It cannot be overstated: this was an incredible feat for two women, living in seclusion in a harem, with little formal education and severely limited options. As part of “ruling behind the curtain”, Cixi, (with the quiet approval of Ci’an), issued two imperial edicts on behalf of the boy emperor. The Empresses Dowager were to be the sole decision-makers “without interference,” and the second changed the emperor’s regnal title to Tongzhi (同治; “collective stability”). It was the women, though, who would rule. Particularly Cixi.

Fast Fact: In this highly structured society, it was improper for a women to be within the gaze of men. This posed a problem when the de facto ruler of the country was a woman. Women had to hold power by proxy. Thus, the female ruler would physically sit behind a curtain when meeting with male officials.

Cixi, who lived in the western Chuxiu Palace, “Palace of Gathering Excellence” (hence the “West Empress Dowager”), was the political force and de facto ruler of the country, although all political decisions had to be at the least rubber stamped by Ci’an. Ci’an (East Empress Dowager) lived in the eastern “Palace of Gathering Essence”, and was responsible for all family matters and the running of the enormous household. For twenty years, through war, rebellion and political upheaval, it was a Yin and Yang balance that was rarely disrupted.

Cixi’s son Zaichun became the Tongzhi Emperor in 1873. Unlike his mother, he was a slow learner and uninterested in the minutae of Imperial rule. He lived a life of personal excess and poor decisions, dying only two years after his enthronement. Although he had three concubines and one primary consort, he left no heirs. This created a succession crisis. Cixi and Ci’an experienced some unprecendented personal disagreement over the next move, but Cixi, not surprisingly prevailed.

The Second Regency – Guangxu Era

Cixi made some shrewd family and political negotiations and in 1875, Cixi’s nephew, Zaitian, was installed as the heir and next emperor. He called Cixi, the de facto ruer, qin baba (“Dear Father”), and Ci’an huang e’niang (“Empress Mother”). Thus began their second regency.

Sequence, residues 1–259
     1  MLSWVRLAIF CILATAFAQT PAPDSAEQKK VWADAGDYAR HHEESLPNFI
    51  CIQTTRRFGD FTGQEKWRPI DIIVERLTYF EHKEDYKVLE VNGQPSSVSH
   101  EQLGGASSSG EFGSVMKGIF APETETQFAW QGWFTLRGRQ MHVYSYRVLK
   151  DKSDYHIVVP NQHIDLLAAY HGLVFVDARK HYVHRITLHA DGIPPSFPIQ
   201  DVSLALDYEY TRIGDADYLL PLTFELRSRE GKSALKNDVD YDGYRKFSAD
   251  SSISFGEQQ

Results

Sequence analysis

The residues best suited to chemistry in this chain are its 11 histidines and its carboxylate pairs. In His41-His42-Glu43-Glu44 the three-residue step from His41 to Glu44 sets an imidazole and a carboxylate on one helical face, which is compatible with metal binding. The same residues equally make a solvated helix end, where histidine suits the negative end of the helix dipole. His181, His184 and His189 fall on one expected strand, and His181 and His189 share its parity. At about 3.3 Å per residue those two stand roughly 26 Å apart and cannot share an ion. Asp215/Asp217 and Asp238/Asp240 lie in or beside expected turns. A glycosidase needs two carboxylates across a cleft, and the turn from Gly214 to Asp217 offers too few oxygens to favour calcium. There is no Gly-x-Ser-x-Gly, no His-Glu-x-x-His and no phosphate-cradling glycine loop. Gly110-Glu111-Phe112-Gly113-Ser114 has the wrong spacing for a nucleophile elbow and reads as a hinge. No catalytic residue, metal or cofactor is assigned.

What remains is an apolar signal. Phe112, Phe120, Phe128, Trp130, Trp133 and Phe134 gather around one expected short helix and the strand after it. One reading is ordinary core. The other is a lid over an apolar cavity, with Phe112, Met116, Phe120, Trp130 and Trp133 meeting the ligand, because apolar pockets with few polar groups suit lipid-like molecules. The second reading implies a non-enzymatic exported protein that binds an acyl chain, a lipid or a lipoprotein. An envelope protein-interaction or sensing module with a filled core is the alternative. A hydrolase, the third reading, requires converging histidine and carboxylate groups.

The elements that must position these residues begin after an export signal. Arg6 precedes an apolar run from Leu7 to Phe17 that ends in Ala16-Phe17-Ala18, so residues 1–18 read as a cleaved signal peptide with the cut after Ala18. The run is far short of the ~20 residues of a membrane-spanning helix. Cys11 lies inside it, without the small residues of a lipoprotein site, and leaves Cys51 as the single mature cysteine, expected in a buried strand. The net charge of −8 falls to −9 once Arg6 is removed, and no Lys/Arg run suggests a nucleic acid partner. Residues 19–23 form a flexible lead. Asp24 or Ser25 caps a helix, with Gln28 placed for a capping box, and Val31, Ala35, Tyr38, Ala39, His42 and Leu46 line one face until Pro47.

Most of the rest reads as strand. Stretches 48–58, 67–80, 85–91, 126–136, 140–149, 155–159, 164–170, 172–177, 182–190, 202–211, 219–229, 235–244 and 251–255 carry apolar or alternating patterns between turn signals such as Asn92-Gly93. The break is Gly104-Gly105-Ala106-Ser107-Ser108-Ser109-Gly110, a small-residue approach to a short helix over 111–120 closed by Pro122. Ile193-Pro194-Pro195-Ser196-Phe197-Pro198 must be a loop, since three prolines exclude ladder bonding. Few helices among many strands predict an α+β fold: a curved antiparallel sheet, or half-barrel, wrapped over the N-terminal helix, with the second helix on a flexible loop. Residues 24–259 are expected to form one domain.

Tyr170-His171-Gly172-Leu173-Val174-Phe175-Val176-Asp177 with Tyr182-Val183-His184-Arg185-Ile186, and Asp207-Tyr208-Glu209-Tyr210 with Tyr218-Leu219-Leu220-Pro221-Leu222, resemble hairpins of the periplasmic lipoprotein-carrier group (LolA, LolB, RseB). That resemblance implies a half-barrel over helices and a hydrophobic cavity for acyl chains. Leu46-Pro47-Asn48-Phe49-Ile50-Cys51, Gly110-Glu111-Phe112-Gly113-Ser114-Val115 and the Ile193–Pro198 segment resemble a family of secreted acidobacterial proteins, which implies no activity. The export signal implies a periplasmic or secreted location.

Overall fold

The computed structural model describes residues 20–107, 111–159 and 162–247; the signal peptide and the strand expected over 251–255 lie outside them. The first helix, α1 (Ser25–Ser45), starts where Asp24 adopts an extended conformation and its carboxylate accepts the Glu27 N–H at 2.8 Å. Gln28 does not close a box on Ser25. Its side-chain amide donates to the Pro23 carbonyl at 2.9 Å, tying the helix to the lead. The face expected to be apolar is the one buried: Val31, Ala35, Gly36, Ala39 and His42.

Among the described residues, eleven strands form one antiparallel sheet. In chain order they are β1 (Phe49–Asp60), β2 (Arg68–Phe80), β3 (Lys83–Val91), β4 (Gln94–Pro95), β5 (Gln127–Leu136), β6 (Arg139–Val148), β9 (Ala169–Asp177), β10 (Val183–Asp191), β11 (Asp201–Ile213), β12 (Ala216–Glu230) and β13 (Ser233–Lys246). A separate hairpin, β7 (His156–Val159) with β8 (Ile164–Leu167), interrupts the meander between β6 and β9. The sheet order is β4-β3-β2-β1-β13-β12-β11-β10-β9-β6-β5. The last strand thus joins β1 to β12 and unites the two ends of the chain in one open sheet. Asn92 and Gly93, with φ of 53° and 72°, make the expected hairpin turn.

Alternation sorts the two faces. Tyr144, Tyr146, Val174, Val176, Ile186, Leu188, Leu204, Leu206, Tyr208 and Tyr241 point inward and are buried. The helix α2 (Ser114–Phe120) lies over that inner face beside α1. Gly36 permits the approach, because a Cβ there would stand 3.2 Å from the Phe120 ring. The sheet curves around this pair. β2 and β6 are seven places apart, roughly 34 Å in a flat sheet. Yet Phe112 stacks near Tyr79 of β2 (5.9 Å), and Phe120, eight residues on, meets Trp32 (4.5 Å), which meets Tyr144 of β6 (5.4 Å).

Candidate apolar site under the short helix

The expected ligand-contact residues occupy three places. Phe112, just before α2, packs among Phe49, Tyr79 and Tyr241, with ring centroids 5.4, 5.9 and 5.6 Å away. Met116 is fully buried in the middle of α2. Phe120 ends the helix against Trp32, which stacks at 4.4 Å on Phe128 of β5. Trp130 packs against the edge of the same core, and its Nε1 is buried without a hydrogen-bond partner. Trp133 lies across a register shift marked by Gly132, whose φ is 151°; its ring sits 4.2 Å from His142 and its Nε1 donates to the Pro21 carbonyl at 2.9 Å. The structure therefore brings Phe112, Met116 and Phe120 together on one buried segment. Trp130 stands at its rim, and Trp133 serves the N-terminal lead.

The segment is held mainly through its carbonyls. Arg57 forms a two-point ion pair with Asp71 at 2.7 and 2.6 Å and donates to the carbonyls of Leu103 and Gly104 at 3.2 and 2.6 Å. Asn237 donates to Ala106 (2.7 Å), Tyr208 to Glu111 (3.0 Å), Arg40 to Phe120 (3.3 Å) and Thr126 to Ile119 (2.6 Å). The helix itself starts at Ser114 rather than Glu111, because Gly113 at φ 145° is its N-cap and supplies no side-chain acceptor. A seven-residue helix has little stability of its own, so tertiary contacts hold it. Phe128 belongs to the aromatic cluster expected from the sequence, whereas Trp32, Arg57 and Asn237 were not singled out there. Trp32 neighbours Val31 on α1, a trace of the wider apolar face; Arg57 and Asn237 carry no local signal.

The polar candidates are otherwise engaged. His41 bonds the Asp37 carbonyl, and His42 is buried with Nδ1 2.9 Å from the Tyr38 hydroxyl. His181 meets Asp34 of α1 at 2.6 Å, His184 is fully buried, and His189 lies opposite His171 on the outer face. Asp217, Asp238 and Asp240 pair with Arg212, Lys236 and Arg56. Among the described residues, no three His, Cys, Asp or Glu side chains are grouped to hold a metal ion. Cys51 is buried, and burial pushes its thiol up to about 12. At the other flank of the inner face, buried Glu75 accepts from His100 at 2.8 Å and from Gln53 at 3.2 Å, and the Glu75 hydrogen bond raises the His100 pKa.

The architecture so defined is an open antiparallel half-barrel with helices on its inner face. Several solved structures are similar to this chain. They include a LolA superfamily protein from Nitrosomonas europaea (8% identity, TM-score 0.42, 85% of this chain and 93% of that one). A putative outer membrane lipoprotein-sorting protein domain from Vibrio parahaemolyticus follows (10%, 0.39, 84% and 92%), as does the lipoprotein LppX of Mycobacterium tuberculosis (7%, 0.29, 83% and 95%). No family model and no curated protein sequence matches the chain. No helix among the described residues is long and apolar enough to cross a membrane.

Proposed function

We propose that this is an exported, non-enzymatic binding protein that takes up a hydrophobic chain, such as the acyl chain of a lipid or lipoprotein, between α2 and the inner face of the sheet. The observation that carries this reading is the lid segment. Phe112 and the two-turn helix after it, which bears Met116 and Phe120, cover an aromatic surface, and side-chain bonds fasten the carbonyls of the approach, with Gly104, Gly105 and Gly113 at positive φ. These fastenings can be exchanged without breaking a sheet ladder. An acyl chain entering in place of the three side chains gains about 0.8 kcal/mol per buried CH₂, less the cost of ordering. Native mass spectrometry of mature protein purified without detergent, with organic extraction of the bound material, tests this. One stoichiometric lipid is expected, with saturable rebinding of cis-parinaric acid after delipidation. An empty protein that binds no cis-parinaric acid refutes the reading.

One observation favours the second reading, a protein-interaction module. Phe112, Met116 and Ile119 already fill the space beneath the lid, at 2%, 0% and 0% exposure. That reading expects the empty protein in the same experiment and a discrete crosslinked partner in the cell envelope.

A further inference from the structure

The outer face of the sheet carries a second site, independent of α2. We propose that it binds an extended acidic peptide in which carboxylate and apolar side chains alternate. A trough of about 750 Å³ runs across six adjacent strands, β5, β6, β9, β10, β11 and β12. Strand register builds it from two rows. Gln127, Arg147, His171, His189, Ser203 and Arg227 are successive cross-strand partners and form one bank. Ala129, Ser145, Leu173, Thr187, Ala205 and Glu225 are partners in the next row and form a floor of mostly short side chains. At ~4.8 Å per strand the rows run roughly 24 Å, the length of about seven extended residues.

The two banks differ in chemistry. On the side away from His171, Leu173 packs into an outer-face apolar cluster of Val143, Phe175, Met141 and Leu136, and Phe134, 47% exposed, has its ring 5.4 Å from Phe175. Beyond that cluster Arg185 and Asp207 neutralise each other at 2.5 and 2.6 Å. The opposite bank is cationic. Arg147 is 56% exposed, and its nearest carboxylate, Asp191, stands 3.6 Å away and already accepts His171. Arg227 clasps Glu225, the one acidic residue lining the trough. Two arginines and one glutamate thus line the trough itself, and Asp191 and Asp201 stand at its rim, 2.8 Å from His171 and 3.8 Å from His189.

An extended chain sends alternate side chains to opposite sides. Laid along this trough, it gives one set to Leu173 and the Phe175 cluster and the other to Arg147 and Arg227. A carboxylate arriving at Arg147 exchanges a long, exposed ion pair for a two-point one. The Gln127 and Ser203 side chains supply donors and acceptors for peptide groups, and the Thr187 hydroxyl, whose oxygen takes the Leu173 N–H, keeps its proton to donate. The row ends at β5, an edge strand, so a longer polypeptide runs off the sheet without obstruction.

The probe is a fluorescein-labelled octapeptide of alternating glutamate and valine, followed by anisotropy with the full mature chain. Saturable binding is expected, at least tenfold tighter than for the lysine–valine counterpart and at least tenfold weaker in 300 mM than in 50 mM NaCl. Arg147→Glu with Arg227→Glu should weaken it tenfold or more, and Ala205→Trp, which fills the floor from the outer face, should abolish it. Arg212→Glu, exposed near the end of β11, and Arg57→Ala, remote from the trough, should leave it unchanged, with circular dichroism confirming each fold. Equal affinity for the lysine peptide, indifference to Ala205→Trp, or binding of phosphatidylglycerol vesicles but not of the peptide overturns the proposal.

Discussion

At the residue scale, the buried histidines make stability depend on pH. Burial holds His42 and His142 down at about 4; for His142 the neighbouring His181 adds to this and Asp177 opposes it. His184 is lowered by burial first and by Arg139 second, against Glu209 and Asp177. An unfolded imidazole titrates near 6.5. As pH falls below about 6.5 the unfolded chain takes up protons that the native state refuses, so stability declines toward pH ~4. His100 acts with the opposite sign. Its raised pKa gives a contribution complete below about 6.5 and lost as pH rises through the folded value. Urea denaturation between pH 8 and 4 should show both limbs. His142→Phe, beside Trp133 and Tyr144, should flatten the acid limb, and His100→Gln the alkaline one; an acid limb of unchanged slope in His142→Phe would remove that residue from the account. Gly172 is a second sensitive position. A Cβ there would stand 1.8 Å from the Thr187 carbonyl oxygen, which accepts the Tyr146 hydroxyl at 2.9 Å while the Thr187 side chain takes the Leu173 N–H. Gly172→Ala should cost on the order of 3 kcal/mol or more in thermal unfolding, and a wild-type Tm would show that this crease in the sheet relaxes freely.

Ci’an suddenly died in 1881, and there was speculation that Cixi – attempting to consolidate power – had been responsible. This was never officially stated, and is historically debated (and doubted by many) to this day. Cixi continued as head of the Imperial family, but eventually, in 1889, Zaitian was enthroned as the Guangxu Emperor. Cixi retired (offically but not effectively) and moved from the Forbidden City to the Summer Palace.

The Guangzu Emperor was progressive, and proposed the “100 Days of Reform”. Although these reforms were well-intentioned, there was significant evidence of foreign influence about, and there was little support within to government. The Emperor was exiled to Ocean Terrace, an island connected to the Forbidden City by a causeway. Cixi came out of retirement in 1898 to become regent and de facto leader of the country, yet again.

Empress Dowager Cixi poses with the wives of foreign envoys in Leshoutang, the summer palace in Beijing, circa 1903-04.

Xuantong Era

With the Guangzu Emperor in exile and stripped of all real power, Cixi maintained her role as chief executive and the real power of the the country until her death in 1908. . Cixi died one day after the Guangzu Emperor, and the last bit of gossip about her was that she had him poisoned while on her deathbed. The veracity of that claim has been disputed, but, fair or not, it sealed her fate as forever being known as the “Dragon Queen”. She was, however, so much more.

Cixi had identified a successor, Puyi, from a branch of the Imperial family. Puyi would become the last Emperor of China, and the last of the Qing dynasty

Note: Both featured women were born under different names and lived the first part of the lives in the Imperial household under various monikers. For the sake of clarity in this post, we are going to refer to them throughout as Empress Dowager Cixi (West Empress) and Empress Dowager Ci’an. (East Empress).